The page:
b. The ALJ Properly Assessed Plaintiff's Credibility
Plaintiff's second challenge to the ALJ's decision is that the ALJ failed to properly assess Plaintiff's credibility. Specifically, Plaintiff alleges the ALJ did not consider the seven factors required by 20 C.F.R. § 404.1529(c)(3) and SSR 96-7p when assessing a claimant's statements, and did not credit Plaintiff with an excellent work history. See Rivera v. Schweiker, 717 F.2d 719, 725 (2d Cir. 1983) "The second circuit has established that a claimant with a good work record is entitled to substantial credibility when claiming inability to work because of a disability." See also Dombrowski v. Chater, 960 F. Supp. 558, 565 (N.D.N.Y. 1997). See Plaintiff's Brief, pp. 7-10. The defendant argues that the ALJ reasonably found that Plaintiff's subjective complaints were not fully credible, based on Plaintiff's medical evidence and the opinions of two of Plaintiff's treating physicians that he retained the residual functional capacity to perform a broad range of medium work*fn9 . See Defendant's Brief, pp. 20-21.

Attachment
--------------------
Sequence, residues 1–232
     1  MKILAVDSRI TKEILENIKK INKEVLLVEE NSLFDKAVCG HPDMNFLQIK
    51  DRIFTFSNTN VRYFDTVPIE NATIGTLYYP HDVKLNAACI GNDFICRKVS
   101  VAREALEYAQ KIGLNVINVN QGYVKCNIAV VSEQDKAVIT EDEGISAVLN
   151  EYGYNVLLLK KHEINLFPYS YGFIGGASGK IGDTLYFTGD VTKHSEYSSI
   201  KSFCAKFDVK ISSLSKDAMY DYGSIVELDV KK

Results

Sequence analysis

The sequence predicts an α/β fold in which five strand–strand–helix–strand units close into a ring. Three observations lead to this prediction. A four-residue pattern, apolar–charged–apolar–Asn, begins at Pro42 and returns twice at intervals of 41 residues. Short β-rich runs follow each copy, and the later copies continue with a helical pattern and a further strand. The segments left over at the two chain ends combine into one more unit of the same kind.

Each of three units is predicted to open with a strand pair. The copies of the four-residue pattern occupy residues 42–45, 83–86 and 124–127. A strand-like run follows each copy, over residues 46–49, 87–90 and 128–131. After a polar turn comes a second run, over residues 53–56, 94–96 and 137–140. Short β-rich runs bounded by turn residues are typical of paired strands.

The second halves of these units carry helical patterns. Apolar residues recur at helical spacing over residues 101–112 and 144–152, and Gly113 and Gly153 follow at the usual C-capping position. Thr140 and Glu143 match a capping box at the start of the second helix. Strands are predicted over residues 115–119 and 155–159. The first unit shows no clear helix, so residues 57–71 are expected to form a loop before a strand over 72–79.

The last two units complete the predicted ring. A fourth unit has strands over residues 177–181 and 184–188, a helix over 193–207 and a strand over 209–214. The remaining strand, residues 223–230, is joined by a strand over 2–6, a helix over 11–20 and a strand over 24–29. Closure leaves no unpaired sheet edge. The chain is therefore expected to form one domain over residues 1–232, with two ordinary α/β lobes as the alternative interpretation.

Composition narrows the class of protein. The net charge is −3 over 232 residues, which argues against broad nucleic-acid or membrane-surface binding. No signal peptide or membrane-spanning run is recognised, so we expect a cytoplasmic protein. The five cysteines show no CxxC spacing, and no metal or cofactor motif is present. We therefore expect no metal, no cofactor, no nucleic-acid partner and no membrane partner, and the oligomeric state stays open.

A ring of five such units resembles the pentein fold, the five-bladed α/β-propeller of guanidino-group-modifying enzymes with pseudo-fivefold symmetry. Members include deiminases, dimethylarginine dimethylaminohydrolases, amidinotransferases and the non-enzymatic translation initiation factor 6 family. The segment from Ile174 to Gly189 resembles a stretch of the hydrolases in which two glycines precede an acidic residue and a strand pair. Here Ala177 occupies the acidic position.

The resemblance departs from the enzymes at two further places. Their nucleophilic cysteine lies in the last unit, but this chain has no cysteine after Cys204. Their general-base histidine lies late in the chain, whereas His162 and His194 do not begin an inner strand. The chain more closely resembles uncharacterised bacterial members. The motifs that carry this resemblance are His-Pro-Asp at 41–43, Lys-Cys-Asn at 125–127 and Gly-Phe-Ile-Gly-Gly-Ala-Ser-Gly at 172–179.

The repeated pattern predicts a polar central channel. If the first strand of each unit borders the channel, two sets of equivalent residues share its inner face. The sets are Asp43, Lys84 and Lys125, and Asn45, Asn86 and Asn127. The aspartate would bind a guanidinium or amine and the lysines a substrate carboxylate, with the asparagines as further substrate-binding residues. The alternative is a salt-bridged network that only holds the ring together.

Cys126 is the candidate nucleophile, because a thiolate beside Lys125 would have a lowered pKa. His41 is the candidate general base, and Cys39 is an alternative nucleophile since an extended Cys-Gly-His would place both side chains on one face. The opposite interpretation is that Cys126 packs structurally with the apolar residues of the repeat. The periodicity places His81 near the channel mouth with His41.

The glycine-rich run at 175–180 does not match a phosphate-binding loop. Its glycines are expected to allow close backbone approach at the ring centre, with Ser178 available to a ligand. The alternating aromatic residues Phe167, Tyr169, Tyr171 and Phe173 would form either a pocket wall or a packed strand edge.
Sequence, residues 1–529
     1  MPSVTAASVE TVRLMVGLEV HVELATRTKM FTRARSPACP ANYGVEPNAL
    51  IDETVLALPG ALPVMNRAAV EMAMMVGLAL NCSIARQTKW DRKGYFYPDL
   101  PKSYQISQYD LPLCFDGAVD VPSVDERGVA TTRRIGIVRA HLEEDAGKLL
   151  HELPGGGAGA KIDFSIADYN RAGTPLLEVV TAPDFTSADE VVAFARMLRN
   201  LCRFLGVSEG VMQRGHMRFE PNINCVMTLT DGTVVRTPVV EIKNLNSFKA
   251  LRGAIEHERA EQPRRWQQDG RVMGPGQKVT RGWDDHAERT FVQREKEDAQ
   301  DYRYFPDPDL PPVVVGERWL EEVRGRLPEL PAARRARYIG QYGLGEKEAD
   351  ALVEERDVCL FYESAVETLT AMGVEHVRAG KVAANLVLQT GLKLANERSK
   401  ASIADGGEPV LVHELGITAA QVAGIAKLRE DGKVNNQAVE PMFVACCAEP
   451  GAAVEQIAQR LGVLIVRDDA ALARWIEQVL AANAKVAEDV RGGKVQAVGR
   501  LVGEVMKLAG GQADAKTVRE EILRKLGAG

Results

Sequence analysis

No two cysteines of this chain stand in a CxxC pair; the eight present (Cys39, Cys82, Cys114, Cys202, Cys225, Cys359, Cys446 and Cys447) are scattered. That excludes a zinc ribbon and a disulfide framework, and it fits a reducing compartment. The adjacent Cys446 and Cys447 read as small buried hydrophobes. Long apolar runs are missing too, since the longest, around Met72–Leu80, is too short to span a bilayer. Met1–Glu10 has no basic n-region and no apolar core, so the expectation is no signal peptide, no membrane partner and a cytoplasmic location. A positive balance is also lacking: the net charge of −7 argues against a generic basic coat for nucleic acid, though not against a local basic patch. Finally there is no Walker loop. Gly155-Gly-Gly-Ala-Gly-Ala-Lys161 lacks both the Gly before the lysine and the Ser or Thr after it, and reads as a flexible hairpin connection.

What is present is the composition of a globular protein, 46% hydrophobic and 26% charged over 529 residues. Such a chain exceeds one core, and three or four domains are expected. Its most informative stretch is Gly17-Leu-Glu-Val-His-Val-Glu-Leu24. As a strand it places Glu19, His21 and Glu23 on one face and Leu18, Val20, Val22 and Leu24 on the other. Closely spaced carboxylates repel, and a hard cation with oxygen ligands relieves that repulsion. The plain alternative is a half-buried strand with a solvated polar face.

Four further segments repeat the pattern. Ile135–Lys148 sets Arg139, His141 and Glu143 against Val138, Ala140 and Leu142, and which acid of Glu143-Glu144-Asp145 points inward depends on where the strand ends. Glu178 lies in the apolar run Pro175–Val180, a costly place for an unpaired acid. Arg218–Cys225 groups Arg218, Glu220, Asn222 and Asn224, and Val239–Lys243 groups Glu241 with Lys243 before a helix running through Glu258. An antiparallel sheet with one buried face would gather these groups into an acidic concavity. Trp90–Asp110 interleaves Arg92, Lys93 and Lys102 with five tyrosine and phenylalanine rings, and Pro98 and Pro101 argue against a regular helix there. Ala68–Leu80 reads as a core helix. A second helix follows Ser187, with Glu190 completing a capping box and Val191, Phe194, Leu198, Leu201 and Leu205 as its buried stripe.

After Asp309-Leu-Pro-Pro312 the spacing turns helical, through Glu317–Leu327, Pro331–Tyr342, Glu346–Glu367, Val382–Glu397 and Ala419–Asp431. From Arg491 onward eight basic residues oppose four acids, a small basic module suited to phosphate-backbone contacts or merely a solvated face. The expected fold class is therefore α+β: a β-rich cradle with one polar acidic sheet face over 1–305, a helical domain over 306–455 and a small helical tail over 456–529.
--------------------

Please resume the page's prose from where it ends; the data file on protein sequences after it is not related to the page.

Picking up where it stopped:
An individual's statements about his or her condition, and the limitations caused by it, are not enough to establish disability. See 20 C.F.R. § 404.1529. The Commissioner's regulations require that an ALJ consider a claimant's observable signs and laboratory findings, as well as reported symptoms, when determining whether or not a disability exists within the meaning of the regulations. Id. When an ALJ determines a claimant has an underlying physical and/or mental impairment(s) that could reasonably be expected to produce the reported pain or other symptoms, the ALJ must then evaluate the intensity, persistence, and limiting effects of the symptoms on the claimant's ability to do work-related activities. See 20 C.F.R. § 404.1529(c); SSR 96-7p.